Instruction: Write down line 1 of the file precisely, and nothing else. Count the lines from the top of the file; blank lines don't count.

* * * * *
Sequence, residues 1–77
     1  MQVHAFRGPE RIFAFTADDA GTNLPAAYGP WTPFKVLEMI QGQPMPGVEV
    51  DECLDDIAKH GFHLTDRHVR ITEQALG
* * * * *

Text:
Sequence, residues 1–77